“A woman’s risk of depression doubles or even quadruples during the menopausal transition.”
“Some studies show that one-third of women will experience a major depressive episode in their lifetime.”
Depression can be debilitating – sucking the joy out life, making activities we once enjoyed uninteresting, rendering work impossible, closing us off from those we love.
Even more, clinical depression, when untreated, significantly increases a person’s risk of suicide.
In the manner of ripping-off-the-Band-Aid, let’s get the ugly statistics out of the way first.
According to the Centers for Disease Control and Prevention:
- Suicide rates among women increased by 50 percent from the year 2000 to 2016.
- Suicide rates are accelerating among women, going from a 2 percent increase per year between 2000 and 2007 to a 3 percent increase each year from 2007 to 2016.
- Suicide rates among women were highest in the 45 – 64 age group.
The National Suicide Prevention Hotline is 800-273-8255.
Perimenopause and menopause can cause or exacerbate depression. Depression can lead to suicidal ideation, attempt, and completion.
So, with all that, well … we really need to talk. Openly. Honestly. Often.
Kate Spade’s suicide at 55 was as mystifying as it was devastating to many of us. She was bright, beautiful, wildly successful, and overflowing with talent and creativity – who could have imagined she would “choose” to end her life? And while no one but Ms. Spade can truly know what was going on in her mind and heart, her suicide has helped lend urgency to an overdue conversation about the link between menopause and depression.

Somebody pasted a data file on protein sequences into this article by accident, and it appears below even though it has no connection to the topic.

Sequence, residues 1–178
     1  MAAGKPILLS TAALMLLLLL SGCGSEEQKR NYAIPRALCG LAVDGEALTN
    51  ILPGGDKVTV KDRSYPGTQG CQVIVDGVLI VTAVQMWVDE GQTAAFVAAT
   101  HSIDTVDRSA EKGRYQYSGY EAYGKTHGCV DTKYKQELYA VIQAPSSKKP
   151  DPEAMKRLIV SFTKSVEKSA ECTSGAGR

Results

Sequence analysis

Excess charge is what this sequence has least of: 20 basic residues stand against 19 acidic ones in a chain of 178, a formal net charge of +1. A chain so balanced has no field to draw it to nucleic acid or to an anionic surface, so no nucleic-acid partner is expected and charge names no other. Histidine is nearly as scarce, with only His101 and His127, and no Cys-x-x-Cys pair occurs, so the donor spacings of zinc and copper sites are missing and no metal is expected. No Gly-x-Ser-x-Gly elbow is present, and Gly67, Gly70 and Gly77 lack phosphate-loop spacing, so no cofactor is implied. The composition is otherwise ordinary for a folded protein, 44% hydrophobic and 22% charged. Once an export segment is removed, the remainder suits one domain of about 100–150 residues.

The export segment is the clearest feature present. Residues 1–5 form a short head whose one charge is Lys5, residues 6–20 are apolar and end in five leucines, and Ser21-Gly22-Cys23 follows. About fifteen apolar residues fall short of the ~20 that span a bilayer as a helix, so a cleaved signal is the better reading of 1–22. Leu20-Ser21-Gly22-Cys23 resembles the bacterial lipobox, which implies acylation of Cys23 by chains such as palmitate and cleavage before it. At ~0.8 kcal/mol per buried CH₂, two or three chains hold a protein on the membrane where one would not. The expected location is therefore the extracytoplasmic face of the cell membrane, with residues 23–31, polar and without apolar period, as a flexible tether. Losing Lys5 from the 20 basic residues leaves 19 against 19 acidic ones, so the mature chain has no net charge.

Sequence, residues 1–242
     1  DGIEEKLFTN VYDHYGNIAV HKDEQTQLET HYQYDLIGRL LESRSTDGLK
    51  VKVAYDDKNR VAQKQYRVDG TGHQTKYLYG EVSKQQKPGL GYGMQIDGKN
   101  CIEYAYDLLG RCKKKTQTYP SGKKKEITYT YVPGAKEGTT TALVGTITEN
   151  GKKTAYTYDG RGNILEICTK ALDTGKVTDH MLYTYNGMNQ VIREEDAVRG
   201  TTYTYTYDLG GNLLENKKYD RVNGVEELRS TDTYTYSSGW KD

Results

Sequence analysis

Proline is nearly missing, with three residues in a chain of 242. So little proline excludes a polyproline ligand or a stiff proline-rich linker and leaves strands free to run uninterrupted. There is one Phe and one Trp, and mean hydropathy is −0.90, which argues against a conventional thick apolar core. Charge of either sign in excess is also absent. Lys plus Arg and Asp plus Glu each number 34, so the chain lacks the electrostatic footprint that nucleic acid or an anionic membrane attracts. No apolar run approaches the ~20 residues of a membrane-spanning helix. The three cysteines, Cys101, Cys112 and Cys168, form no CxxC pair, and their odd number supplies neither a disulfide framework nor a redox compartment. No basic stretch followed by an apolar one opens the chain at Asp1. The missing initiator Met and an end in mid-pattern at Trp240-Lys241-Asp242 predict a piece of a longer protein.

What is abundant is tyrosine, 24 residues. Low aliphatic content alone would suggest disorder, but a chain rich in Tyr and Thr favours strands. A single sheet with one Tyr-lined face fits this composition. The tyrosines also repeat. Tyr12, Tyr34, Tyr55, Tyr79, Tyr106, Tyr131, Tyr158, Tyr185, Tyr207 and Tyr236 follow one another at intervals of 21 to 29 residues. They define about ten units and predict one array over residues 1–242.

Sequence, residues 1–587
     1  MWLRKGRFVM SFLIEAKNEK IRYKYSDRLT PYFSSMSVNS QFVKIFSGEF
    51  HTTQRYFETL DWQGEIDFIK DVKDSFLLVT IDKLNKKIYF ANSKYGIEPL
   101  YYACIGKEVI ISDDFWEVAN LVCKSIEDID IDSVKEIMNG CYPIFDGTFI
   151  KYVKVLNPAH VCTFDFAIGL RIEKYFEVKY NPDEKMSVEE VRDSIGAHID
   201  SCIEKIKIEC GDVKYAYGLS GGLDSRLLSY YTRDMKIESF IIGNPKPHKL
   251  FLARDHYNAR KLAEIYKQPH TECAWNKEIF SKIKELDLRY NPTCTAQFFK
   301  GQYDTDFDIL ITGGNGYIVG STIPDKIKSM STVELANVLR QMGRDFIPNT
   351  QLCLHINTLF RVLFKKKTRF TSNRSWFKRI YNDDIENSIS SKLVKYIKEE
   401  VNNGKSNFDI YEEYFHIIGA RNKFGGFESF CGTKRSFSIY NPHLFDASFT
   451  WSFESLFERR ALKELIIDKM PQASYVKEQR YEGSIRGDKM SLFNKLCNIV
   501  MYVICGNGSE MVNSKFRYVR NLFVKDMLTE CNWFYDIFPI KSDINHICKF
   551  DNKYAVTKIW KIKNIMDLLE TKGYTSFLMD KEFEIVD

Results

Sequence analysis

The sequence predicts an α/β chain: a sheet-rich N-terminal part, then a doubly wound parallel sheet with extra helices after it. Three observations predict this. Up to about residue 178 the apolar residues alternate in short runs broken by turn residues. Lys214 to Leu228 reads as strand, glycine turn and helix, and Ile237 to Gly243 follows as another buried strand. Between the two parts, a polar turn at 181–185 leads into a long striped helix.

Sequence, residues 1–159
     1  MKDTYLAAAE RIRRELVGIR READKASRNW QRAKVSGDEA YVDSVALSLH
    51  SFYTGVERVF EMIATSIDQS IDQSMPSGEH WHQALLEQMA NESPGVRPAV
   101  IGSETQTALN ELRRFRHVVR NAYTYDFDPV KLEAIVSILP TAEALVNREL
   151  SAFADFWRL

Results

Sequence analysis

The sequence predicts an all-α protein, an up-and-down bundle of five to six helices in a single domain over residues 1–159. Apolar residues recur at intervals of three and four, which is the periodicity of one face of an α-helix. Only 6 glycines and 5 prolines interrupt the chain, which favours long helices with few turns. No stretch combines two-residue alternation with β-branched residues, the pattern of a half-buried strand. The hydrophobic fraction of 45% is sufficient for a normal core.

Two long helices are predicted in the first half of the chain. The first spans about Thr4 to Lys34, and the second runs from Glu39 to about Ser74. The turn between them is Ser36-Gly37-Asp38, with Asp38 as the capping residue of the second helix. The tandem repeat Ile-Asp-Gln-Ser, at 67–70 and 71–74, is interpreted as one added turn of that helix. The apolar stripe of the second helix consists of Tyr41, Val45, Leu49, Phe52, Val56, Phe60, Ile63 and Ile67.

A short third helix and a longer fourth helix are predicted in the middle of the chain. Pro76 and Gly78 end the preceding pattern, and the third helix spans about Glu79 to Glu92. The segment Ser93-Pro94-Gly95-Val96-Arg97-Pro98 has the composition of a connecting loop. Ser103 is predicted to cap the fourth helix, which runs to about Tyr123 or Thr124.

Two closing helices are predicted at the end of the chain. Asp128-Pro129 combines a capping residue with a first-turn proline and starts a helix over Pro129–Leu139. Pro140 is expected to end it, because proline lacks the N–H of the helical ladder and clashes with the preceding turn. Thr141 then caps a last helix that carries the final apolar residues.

A link that leads, too often, to suicide.
So what’s going on here?
Defining terms: what is “clinical depression”?
We use “depression” as a blanket term to cover a range of emotions, and that’s not only inaccurate, it can be dangerous. Anyone who’s suffered from clinical depression will tell you it’s very different from sadness or grief and needs to be treated accordingly.
Depression rises to the level of “clinical” when it lasts for two weeks or longer and comes with other symptoms such as change in appetite, loss of interest or pleasure in things you usually enjoy, changes in sleep patterns (too much or too little), feelings of worthlessness or guilt, increase in “purposeless” activity like pacing, and thoughts of death or suicide.
Is it hormones?
Rather infuriatingly referred to as the “menopause blues,” depression in perimenopause – the years leading up to menopause – is fairly common, though it should never be regarded as “normal.”
Estrogen interacts with certain chemicals in the brain, including those which regulate mood. In some women, this translates to rage, in others, anxiety. And in many, depression. Hormonal fluctuations during the perimenopause years seem to make women particularly vulnerable.
The risk is even greater when a woman has experienced depression earlier in her life. Birth control and HRT can cause depression in some women, help alleviate it in others.
Pretty clearly, there’s a hormonal component. This is critical to understand because so many women are too ashamed and embarrassed to seek help, feeling as though they’re just being “weak.” They try and tough it out on their own, the way they grit their teeth and get through the hot flashes and headaches.